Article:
The next morning we started the meeting proper in the bowels of Tracy Island. Alan Thorpe was late and the IT skills of NERC were saved by Ian Miekle proving he had either read the manual or played around enough to be able to fix a VGA connection. Andrew Watkinson’s presentation, which had already been significantly upgraded by a pre-meeting with Ian, Em and Steve Loader, still got denounced as “an uncorrelated list of research project expressed in unfathomable terms”. Like all good Boards, they weren’t sure whether to take the intellectual strategic high road or get immersed in the detail so they decided to try to do both at the next meeting. They have asked for a means to distribute all the projects across some kind of meaningful “space” – which correlates nicely with our proposed work with Forum for the Future, although the Arup guy made a play to implement their protocol an all the projects (what is it about Arup people that they assume their way of best?) – and for a more detailed run through the low carbon mitigation thread, which includes Low Carbon Vehicles, Low Impact Buildings and some NERC stuff they didn’t appear to be really interested in. Unfortunately, our loaner from NERC doesn’t know how to arrange a meeting properly, so I will have to get a pass from Fearless Leader since the next LWEC BAB clashes with an Executioners Meeting.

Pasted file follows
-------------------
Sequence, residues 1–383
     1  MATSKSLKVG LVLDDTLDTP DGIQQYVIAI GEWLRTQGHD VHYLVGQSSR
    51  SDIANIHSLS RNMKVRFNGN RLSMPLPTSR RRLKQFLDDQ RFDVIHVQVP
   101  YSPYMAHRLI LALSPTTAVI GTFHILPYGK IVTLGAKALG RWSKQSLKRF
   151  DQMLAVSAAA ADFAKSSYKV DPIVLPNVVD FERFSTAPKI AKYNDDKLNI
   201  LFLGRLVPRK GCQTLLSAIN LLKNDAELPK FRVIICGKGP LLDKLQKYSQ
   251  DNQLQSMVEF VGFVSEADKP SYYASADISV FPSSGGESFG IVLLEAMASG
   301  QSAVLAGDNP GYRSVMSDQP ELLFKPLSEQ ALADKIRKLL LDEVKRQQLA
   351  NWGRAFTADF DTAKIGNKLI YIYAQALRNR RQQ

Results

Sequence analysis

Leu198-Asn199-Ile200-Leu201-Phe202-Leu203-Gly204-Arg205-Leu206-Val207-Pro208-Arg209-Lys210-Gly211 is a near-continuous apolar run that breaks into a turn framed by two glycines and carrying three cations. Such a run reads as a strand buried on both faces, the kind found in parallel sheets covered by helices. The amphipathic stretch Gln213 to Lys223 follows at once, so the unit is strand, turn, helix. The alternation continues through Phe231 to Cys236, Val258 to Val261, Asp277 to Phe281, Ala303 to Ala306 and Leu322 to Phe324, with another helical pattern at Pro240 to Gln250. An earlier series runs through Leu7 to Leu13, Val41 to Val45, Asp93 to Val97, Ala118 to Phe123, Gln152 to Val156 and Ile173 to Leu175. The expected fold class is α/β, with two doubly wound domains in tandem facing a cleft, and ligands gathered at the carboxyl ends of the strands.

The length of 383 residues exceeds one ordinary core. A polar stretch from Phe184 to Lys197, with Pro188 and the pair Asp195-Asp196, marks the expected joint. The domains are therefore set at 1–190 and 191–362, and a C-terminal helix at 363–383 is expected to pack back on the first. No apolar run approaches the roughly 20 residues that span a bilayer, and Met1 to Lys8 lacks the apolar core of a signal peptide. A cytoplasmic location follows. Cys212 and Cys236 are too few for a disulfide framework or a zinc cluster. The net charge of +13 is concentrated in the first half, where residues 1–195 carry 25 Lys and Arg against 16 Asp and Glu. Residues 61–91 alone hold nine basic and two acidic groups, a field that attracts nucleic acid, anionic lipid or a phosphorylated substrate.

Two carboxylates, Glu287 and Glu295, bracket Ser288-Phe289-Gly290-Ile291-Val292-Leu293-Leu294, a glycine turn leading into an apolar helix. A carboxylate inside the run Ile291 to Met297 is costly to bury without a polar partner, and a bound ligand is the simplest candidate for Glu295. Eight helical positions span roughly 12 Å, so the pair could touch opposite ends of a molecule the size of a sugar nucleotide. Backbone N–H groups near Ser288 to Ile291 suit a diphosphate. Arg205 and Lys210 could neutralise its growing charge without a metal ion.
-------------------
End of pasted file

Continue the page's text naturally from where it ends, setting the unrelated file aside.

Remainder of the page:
This was followed by a meeting with the Intelligent Transport Systems and Services team to go through the questions thrown up by the impact work done by Obi Wan and the metrics ninjas earlier in the year. I think we have agreed that, with the overhaul of the underlying DfT policy and the difficulty it has had engaging a sufficiently wide tranche of business, it is probably best to allow the Innovation Platform to cease at the end of its 5 year lifespan (it was launched in November 2005) and consider how to address aspects of its plan under the now integrated Transport area.